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Communtity Law Manual | Criminal Courts | The “three strikes” law for repeated serious violent offending

Sentencing: The judge’s decision about punishment

The “three strikes” law for repeated serious violent offending

Sentencing Act 2002, ss 86A-86I

The “three strikes” law is a strict law that can lead to unjust outcomes. The law says that if you are convicted of a third serious violent offence, then you must be given the maximum penalty for that offence without parole. You must have been given warnings by the judge when you were sentenced for each of the earlier serious violent offences.

The maximum penalty without parole rule does not apply where it would be “manifestly unjust”. The courts have said that means very substantial hardship.

“Serious violent offences” include, for example, sexual violation, murder, manslaughter, wounding with intent to injure, kidnapping, robbery, aggravated burglary and committing a crime with a firearm.

When you’re convicted of the first serious violent offence, you must be given a warning by the judge about the possible consequences of more serious offending. If you are convicted of another serious violent offence (not including murder), then the law says you must be given a “final” warning. These warnings can be written or spoken and do not need to be in a particular format or words.

If you have been convicted of murder before and are convicted of murder again, then the law says you must be sentenced to life in prison without parole (unless not having parole would be “manifestly unjust”). When the courts consider what is “manifest injustice”, they have looked at factors that reduce accountability for example, youth or a guilty plea.

They take into account both the circumstances of the offending and the situation of the offender when determining whether there will be manifest injustice. A guilty plea alone will not make a sentence manifestly unjust.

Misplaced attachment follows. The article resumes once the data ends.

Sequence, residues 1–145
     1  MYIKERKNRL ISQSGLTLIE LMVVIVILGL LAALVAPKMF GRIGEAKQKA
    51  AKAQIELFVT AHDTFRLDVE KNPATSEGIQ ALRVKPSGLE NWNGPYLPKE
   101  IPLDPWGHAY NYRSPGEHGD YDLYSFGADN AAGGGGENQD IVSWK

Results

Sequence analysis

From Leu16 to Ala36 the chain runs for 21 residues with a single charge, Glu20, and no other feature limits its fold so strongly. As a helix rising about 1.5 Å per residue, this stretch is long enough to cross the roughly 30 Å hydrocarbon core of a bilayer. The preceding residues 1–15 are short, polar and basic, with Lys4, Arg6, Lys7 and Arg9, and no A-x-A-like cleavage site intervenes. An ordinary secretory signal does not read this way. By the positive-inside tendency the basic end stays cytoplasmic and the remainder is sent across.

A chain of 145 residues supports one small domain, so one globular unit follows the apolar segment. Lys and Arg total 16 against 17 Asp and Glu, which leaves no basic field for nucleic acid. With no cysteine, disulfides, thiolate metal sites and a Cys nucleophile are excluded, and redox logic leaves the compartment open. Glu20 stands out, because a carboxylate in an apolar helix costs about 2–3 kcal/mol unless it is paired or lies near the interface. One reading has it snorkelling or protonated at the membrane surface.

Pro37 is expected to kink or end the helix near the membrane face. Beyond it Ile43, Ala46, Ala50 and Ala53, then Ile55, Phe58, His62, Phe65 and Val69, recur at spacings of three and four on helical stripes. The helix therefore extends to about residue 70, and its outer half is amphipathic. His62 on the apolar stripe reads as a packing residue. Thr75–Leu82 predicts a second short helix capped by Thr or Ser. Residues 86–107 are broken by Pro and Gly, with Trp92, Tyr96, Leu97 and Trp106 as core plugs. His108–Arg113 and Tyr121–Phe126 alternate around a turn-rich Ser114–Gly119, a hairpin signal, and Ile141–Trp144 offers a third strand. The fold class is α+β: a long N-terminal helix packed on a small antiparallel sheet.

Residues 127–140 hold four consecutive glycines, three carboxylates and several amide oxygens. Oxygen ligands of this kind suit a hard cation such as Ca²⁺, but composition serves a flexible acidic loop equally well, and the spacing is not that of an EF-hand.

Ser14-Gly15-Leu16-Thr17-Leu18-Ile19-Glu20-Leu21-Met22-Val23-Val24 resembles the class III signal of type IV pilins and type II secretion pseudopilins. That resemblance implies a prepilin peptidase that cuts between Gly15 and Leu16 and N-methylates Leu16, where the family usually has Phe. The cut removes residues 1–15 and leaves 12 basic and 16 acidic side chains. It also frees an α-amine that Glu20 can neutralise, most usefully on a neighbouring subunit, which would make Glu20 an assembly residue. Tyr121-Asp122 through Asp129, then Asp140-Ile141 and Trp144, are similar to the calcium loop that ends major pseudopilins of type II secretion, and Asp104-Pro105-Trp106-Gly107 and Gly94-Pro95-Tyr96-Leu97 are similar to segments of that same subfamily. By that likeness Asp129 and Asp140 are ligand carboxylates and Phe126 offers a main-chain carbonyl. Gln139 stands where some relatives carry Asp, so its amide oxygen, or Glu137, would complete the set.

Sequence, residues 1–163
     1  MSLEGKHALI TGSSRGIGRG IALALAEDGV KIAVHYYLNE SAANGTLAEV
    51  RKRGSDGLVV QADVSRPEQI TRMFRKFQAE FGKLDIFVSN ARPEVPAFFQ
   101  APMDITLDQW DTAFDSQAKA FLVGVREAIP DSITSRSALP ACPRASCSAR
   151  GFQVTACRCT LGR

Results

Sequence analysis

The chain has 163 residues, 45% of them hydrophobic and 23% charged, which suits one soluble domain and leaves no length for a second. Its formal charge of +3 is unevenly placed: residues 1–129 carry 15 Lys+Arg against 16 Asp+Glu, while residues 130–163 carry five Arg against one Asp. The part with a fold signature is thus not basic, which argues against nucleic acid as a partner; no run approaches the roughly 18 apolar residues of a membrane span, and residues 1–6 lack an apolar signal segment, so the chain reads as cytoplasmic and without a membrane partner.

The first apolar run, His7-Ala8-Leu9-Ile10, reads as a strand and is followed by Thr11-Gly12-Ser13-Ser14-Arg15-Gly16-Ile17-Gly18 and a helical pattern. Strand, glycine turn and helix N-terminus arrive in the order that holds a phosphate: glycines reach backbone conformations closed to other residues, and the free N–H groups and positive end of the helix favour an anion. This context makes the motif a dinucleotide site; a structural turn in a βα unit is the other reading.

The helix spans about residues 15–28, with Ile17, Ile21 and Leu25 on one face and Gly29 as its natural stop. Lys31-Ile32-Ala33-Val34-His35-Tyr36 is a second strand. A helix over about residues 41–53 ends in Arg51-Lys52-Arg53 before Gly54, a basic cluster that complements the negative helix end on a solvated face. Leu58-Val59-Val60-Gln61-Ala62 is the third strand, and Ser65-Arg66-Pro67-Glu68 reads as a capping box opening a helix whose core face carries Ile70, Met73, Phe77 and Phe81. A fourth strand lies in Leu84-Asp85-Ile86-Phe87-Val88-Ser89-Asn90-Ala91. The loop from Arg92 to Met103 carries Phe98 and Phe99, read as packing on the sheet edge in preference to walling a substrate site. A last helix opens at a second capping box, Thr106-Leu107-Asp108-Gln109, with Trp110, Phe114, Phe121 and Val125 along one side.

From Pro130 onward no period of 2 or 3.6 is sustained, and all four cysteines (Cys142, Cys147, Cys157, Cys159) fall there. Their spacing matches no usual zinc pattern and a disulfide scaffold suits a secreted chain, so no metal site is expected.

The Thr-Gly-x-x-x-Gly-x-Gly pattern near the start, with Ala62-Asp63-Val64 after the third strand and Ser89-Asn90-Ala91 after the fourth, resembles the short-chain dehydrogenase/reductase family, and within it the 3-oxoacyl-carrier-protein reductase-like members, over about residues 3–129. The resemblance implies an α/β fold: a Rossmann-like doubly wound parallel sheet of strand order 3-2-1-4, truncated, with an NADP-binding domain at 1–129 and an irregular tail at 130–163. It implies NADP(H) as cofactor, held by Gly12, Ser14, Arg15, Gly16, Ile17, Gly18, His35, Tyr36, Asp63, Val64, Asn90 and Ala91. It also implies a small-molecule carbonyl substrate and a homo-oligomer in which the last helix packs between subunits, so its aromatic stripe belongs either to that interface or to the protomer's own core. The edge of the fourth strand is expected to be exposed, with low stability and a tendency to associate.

Case example: Third strike rule is “manifestly unjust”

[2020] NZCA 292

F was charged with indecent assault and common assault for trying to kiss a woman walking down a city street. He then grabbed and pushed the woman’s friend who tried to stop him. F had many mental health conditions and had two previous convictions for indecent assault in public places which were classed as serious violent offences.

Under the three strikes law he would get the maximum sentence of seven years. F asked for a discharge without conviction (to try and avoid getting a third conviction and so escape the three strikes rule). The case was heard by the Court of Appeal.

The court said that the offending was not serious enough to justify imprisonment at all, let alone a seven year term. His mental health state made a seven year prison sentence “disproportionately severe”. Under the Bill of Rights Act F had the right not to be subjected to disproportionately severe punishment and so this was manifestly unjust. They said there should be a safety valve to allow a court to impose a less severe sentence where the maximum sentence would be manifestly unjust. The court didn’t agree whether he should be given a discharge without conviction.

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